Costs and Time: Provisioning for the Bahamas for a Family of 6

When asking about provisioning for the Bahamas, there always seemed to be two schools of thought. The first thing I heard often was, “Don’t buy too much food before you leave, people eat everywhere you go!” the other opinion was, “Buy what you can before you come to the Bahamas, because everything is EXPENSIVE here!”

Because I really dislike shopping and running errands on a regular basis, the thought of just doing a few months worth of stocking up all at once REALLY appealed to me. I mean, really, it was one of the things I was really looking forward to when I was learning about cruising in the first place. Besides which, I can think of a LOT of things I’d rather do with my time on a tropical island than schlep around looking for a grocery store. That’s not even taking into account that we’d be walking to said store and carrying everything back… um, no thank you.

I’m sure that we’ll be buying some things from time to time like eggs and cheese, but for the most part, I made a provisioning list for approximately 3 months. This was not a huge scientific, mathematically perfected process. I basically just tried to make a list that included the things that we’ve been enjoying since moving onto the boat back in November. Then we went shopping.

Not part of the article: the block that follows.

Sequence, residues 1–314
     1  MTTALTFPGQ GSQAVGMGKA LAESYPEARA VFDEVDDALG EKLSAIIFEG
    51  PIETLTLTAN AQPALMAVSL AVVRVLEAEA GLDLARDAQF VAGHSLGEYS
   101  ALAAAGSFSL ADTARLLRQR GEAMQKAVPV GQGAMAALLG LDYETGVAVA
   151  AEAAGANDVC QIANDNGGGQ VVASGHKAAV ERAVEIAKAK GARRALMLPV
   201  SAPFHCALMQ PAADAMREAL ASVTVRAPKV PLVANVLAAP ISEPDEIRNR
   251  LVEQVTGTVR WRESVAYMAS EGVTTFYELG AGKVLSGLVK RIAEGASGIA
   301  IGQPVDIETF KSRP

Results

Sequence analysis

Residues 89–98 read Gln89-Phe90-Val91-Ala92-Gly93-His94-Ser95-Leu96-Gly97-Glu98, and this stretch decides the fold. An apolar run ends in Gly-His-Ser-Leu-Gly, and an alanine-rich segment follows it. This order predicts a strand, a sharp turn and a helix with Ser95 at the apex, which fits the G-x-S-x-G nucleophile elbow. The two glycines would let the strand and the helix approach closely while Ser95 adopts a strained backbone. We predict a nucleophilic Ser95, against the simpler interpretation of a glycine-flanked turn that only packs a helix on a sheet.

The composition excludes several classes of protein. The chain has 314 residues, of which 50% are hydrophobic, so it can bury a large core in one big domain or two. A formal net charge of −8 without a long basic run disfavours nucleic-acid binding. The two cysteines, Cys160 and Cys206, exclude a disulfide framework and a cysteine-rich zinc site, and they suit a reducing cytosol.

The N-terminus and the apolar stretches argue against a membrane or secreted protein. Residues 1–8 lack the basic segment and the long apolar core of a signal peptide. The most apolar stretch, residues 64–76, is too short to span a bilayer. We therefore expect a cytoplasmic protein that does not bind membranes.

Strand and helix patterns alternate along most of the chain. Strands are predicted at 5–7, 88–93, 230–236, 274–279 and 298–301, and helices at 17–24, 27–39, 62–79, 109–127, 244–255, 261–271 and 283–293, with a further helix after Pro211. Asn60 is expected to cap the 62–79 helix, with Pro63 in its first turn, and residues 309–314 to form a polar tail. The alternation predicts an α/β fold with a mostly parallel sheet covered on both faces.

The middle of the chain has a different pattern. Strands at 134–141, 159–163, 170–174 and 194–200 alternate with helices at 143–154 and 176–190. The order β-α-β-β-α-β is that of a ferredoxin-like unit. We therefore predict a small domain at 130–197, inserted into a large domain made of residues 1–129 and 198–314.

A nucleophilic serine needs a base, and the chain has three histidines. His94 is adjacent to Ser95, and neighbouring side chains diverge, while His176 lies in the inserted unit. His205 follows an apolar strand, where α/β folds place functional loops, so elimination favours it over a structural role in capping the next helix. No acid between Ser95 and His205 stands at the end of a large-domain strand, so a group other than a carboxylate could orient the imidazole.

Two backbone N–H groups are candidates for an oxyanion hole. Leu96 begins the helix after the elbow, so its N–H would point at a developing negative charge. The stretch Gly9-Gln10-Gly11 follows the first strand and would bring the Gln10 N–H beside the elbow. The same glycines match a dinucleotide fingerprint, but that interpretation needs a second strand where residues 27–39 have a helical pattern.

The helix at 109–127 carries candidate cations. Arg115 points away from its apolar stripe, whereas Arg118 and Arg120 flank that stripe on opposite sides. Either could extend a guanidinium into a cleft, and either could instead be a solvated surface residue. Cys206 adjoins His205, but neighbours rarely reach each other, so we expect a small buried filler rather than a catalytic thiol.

We had been waiting for a nice enough day to leave the boat and actually be able to get something done. The weather forecast wasn’t good, but when we woke up on Saturday morning, the sun was shining and Patrick and I were both ready to leap out of bed and get OUT. We had Jaedin give us a ride to shore (a LONG dinghy ride for us that was about 15 minutes long) and dropped us off so we could get a rental car. The car rental place was about 4 miles away, so we sat at the nearby gas station to call and make arrangements to get picked up. After a veritable clusterf#ck of dropped calls, a very busy employee working alone and finally a cab ride to the car rental place…

TWO HOURS LATER we were on our way in our $25.00 a day car rental.

First stop: Dollar Tree where we were surprised to find boxed milk. SCORE!!! We definitely wanted to take milk, but I had been having trouble finding the boxed milk at a reasonable price. Since we had been paying nearly $5.00 for a gallon of milk back in OK, $1.00 a quart seemed like a great deal for milk that we wouldn’t need to refrigerate!

We also stocked up on a lot of first aid and medical type stuff here. Gauze, band aids, pain reliever, anti-itch creams, antibiotic ointment, etc.

Other Dollar Tree things: TONS of crackers, brownie mixes, body wash, deodorant, hand soap, etc.

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Dollar Tree $225.00